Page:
The Emerging 2.0 World: Three Book Reviews

I usually review one book at a time in this blog. Not today. These three excellent books go so well together that I can’t help sharing them all at once. 3 BooksEach one examines an aspect of the web 2.0* social networking revolution (and the technology supporting it), and then projects into a not-too-distant future. That future, in fact, may already be here.

Reading any of these books would be rewarding, but I recommend devouring all three in the same order I read them this year. Each one leads smoothly into the next. Together, they describe the change that is profoundly reorganizing the social, political, and business world as we know it.

Published in 2007, Everything is Miscellaneous [LibraryThing / WorldCat] by David Weinberger introduces us to the changes digital technology has brought to information organization and retrieval. Sounds geeky, right? Not at all. Weinberger uses the very understandable example of a photo archive to explain how storing, cataloging, and finding a particular photo has gone from an expensive, laborious process accessible to very few people, to an inexpensive, easy, real-time activity open to anyone.

Web 2.0 technology liberates us from dealing solely with atoms (“real” things) and opens new possibilities using bits (information about the things). A real object can only exist in one place, so it must be precisely placed if we hope to find it again. Data about an object gives us a bit more freedom to make the object retrievable through several different routes. With data (and metadata**) built on web 2.0 platforms like Flickr and LibraryThing, cumbersome cataloging and organization schemes — and those precise placement requirements of the past — can be pushed aside. Everything is miscellaneous now. Everything can be sorted, rearranged, tagged, toyed with, shared, mashed, and discovered all over again. Weinberger’s book is filled with examples and stories that illustrate our new tools and the radically new perspectives they engender. Digital technology makes them possible; the volume and pace of which new information is created makes them necessary; and the value of their collaborative results make it preferable.

Here Comes Everybody by Clay Shirky [LibraryThing / WorldCat], carries Weinberger’s argument further into the social realm. We have this amazing new technology at our fingertips. Now what? Shirky shows how people are collaborating and harnessing its power. The ease of online publishing combined with the power of social networking creates possibilities previously unimagined. A participant on the social web can connect to others with common interests and make things happen — sometimes very quickly. Or instantly! Like Weinberger, Shirky fills his book with examples pulled from real life. His first example — that of woman who left her cell phone in a New York cab — is a fascinating tale involving hundreds of strangers reacting and mobilizing. It’s a precursor to other examples in the book. Shirky’s message is that collaboration is a powerful tool, that it has become much easier to tap into, and that it should not — cannot — be ignored any longer. If someone has a purpose (or a message, or a complaint, or an idea), and he or she publishes it, other people will likely identify with it and join in. Here comes everybody.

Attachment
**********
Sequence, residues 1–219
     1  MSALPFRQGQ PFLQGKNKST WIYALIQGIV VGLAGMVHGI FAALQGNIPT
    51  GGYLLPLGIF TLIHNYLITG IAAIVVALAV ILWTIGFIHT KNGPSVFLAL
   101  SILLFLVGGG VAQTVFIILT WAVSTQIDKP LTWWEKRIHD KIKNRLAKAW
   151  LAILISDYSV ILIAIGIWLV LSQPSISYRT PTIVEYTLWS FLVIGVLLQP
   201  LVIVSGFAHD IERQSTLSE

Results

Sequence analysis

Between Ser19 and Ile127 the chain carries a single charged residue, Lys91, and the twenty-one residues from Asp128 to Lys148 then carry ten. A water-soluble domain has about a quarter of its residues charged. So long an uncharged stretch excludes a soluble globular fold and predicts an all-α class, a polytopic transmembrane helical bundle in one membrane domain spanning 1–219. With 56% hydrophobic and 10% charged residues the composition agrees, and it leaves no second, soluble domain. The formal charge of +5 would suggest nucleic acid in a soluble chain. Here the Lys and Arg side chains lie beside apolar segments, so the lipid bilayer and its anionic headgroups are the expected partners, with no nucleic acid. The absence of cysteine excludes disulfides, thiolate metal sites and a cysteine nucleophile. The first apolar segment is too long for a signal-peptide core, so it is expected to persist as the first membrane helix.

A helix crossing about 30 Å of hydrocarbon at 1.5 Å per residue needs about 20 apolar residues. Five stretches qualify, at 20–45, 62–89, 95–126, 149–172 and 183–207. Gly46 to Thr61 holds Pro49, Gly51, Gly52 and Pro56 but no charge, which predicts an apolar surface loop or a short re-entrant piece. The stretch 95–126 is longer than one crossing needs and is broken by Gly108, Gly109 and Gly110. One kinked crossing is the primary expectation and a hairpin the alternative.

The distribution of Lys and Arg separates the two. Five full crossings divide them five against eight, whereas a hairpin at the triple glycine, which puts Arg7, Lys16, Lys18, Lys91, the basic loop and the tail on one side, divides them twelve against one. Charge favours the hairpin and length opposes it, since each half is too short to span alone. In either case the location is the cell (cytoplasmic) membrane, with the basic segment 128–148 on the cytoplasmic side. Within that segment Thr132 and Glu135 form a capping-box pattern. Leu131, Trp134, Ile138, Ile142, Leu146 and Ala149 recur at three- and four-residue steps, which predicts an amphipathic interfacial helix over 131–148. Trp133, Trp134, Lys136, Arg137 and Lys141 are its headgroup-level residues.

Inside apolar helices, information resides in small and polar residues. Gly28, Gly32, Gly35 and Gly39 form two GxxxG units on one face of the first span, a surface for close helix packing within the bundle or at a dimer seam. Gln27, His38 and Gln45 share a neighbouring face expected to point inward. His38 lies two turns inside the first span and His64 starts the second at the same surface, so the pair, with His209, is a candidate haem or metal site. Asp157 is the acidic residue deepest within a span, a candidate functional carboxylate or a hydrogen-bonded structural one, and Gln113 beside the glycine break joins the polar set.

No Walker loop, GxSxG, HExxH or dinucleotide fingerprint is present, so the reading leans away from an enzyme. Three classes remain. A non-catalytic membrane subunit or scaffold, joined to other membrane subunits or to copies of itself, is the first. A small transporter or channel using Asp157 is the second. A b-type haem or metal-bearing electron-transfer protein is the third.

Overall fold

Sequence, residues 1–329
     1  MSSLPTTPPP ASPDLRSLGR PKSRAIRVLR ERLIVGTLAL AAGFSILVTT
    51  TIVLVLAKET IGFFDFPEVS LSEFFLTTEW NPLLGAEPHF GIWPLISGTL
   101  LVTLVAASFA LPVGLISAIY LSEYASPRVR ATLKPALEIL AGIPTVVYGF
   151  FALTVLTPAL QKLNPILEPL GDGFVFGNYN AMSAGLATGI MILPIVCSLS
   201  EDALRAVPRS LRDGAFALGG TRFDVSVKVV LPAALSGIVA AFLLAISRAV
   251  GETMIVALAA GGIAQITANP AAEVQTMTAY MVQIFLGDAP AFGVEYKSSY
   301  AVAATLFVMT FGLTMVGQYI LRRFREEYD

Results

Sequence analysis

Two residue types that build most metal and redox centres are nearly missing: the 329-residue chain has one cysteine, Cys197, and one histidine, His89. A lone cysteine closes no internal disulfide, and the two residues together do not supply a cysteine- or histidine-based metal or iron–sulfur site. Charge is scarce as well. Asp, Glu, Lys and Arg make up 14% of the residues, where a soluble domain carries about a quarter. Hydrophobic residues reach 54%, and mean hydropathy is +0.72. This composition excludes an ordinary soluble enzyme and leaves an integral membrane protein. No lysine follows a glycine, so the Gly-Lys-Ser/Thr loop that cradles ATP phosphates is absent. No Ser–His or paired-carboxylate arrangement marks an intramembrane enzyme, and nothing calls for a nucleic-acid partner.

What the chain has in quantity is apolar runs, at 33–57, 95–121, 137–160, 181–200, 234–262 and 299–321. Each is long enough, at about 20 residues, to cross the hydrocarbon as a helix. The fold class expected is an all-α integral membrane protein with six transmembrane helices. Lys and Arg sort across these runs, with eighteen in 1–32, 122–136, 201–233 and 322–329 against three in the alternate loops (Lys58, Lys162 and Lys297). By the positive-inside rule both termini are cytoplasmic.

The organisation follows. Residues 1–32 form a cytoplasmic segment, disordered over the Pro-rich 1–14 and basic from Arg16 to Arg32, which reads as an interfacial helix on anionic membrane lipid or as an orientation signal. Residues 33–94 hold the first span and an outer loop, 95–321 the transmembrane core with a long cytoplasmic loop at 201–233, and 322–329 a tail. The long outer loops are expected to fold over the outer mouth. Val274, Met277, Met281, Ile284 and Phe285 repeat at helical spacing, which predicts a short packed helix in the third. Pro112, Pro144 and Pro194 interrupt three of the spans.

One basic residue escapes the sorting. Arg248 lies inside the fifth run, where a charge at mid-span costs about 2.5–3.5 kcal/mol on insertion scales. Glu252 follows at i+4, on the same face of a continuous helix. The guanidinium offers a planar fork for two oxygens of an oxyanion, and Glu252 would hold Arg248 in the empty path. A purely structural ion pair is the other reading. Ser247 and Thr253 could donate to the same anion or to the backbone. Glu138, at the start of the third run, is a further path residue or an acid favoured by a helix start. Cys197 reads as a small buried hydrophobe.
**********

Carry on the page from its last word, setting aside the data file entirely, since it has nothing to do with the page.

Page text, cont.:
After Weinberger and Shirky explore the new technology and social power available, Seth Godin’s book Tribes [LibraryThing / WorldCat] discusses how people within a social network (or tribe) organize themselves. He begins with the premise that we already belong to tribes: family, corporate, social, and political, to name a few. Web 2.0 technology permits us to join even more communities without geographic restraint.

Tribes organize around common ideas. Some members lead, some add their voice, and some simply add to the numbers. In a world where change is inevitable and the status quo gets pushed aside, Godin encourages leadership. Anyone can lead. You need not be a CEO or a manager to lead a movement. In fact, a person burdened with official authority might find it difficult to lead a tribe in the direction it ought to go. Managers, therefore, should welcome leaders from wherever within the organization they emerge. Leaders show vision and motivation. They offer ideas for a better widget or process. They show the way, even if that way is not business as usual. Tribes will follow, change, or find new leaders.

Tribes is a much shorter book than the other two. Godin wrote it in brief talking points — as if he dictated the book through Twitter. It’s a different style, but no less meaningful. I found Shirky’s book to be the most enjoyable, but all three books are insightful.

A few earlier books could easily fit into this mix: The Long Tail by Chris Anderson [LibraryThing / WorldCat], The Wisdom of Crowds by James Surowiecki [LibraryThing / WorldCat and previously reviewed here]; and Wikinomics by Don Tapscott and Anthony Williams [LibraryThing / WorldCat]. I recommend them, too.


*Web 2.0 technology provides gadgets and software tools that allow easy and widespread interaction and collaboration. Examples include (but are certainly not limited to) social networking sites like Facebook, text messaging like Twitter, and mobile devices like the iPhone.
**Metadata is data about data.

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